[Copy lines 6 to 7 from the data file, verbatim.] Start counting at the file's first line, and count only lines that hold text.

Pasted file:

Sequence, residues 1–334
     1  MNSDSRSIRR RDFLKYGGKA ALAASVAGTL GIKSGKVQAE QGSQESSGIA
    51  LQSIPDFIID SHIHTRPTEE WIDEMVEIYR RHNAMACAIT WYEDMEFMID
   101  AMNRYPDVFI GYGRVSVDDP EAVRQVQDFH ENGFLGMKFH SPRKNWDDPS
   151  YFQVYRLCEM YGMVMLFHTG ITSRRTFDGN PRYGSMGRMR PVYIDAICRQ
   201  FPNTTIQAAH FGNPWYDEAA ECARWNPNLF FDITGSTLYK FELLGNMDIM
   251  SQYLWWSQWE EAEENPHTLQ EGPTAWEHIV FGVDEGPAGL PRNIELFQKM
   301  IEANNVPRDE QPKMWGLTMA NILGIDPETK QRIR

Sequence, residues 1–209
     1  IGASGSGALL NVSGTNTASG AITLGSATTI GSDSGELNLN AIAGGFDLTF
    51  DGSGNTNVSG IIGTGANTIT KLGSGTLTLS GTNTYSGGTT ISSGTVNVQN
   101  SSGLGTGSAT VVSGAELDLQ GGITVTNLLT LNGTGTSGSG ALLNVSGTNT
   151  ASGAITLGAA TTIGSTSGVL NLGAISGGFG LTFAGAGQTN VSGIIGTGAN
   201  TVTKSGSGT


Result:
   201  FPNTTIQAAH FGNPWYDEAA ECARWNPNLF FDITGSTLYK FELLGNMDIM
   251  SQYLWWSQWE EAEENPHTLQ EGPTAWEHIV FGVDEGPAGL PRNIELFQKM